It does tip its hands in a few places, things like finding Ayers at the Beethoven statue, which makes sense but is still a little overdone. Tom Hollander’s (“Pirates of the Caribbean”) over-zealous cello teacher is mainly just annoying. And Catherine Keener is used largely as wall paper, the background of Lopez’s life which is introduced and then mostly ignored in favor of his relationship with Ayers.
But that’s about all. Screenwriter Susannah Grant (“Catch and Release”) has a habit of strident screeding, but it’s toned down here. And Dario Marianelli’s score is excellent, melding with classic pieces throughout the film, and then branching back out to original elements. But mainly this works because it’s Wright’s film, and the difference between someone who knows what they’re doing and someone who doesn’t is always obvious.
It’s not great. The subject matter is a little too easy to overdo for that, short of a masterpiece, anyway. And it’s not one of those. But it is pretty good, thanks to a pair of fine performances from its leads and a director who understands understatement. And sometimes those can be as rare to find as a genuine musical prodigy.
An Unlikely Friendship: Making “The Soloist” – This featurette kicks things off covering the making of the movie. It starts from the producers seeing the original L.A. Times article and follows the production along the way. This gets a lot heavier into the development of the script, the performances, and emotions than a lot of ‘making of’ featurettes.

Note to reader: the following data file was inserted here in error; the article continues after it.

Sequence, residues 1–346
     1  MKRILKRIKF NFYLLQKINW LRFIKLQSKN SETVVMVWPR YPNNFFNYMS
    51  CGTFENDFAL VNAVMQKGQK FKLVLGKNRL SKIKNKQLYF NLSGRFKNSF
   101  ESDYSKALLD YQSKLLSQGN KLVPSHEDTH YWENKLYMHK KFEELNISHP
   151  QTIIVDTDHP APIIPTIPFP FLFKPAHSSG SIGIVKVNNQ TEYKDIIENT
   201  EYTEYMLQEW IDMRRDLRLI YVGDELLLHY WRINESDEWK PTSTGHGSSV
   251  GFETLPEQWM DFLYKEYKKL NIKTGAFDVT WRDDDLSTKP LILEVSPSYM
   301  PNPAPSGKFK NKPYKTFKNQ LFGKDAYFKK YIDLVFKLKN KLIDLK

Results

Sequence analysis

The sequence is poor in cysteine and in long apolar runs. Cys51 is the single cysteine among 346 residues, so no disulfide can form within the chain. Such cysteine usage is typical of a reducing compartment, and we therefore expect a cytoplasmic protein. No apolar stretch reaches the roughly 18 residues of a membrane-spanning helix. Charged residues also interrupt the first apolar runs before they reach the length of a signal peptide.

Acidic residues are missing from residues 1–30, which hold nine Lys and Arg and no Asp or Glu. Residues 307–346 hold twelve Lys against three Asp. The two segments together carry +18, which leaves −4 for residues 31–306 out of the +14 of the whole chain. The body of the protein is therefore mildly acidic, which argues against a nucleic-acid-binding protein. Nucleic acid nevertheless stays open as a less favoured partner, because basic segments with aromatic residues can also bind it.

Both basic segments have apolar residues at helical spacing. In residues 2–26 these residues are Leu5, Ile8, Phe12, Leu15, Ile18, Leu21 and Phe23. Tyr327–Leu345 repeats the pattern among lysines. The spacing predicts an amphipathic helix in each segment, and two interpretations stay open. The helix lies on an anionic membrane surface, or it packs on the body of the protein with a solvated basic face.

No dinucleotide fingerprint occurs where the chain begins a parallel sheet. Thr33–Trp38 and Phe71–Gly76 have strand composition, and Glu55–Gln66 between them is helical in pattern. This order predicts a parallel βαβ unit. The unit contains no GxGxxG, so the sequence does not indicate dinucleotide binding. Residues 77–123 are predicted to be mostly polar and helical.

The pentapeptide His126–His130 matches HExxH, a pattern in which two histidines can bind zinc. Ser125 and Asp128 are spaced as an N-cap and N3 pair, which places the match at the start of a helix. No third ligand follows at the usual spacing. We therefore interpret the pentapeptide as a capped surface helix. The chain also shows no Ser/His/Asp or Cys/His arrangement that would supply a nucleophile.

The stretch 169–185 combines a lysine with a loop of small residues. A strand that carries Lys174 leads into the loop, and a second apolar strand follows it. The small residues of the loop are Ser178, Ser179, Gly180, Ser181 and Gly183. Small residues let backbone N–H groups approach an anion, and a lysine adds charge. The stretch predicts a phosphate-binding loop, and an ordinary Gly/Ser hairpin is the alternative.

Kindness, Courtesy, and Respect: Mr. Ayers and Mr. Lopez – This was the first bonus feature I went to after watching the movie. It shows the real men that the movie is based on. Ayers seems a lot more coherent in this than he’s portrayed in the movie. But it’s great to see them in the real world here. You’ll want to check this out.
One Size Does Not Fit All: Addressing Homelessness in Los Angeles – Appropriately enough, this featurette covers the real Skid Row and the Lamp community. The filmmakers and local community activists talk about it in an interesting and eye opening way. I’ve worked with homeless in Houston and Dallas before, but L.A. seems to have problems way beyond what I’ve seen in Texas. This is definitely worth checking out.
Beth’s Story – This is an animated story depicting an orphan going from having a job to falling into homelessness. It’s an ad for one of the charities from the film.
Deleted Scenes – There are 5 deleted scenes. The first shows Lopez at the clinic he’s writing about and being grilled about his medical history. The second shows young Nathaniel being harassed by other boys about playing Beethoven. The third is another flashback to Nathaniel at Julliard and further descending into schizophrenia while at a Christmas party. He tries to have a talk with one of his instructors about God, but then completely loses it and pushes the man. That foreshadows some of the events later in the story. It concludes with him getting electroshock therapy. The fourth scene shows more of the reunion between Nathaniel and his sister. The deleted scenes conclude showing Lopez and Ayers going home after the final concert shown in the movie.
Rounding things out is a commentary by Director Joe Wright.